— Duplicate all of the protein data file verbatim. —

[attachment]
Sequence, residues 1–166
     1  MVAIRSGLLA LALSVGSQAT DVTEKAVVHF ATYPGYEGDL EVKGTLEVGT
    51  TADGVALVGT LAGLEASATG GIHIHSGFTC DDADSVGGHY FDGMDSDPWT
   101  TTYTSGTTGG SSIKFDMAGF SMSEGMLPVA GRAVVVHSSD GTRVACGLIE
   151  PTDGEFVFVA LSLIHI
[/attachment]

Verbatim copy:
Sequence, residues 1–166
     1  MVAIRSGLLA LALSVGSQAT DVTEKAVVHF ATYPGYEGDL EVKGTLEVGT
    51  TADGVALVGT LAGLEASATG GIHIHSGFTC DDADSVGGHY FDGMDSDPWT
   101  TTYTSGTTGG SSIKFDMAGF SMSEGMLPVA GRAVVVHSSD GTRVACGLIE
   151  PTDGEFVFVA LSLIHI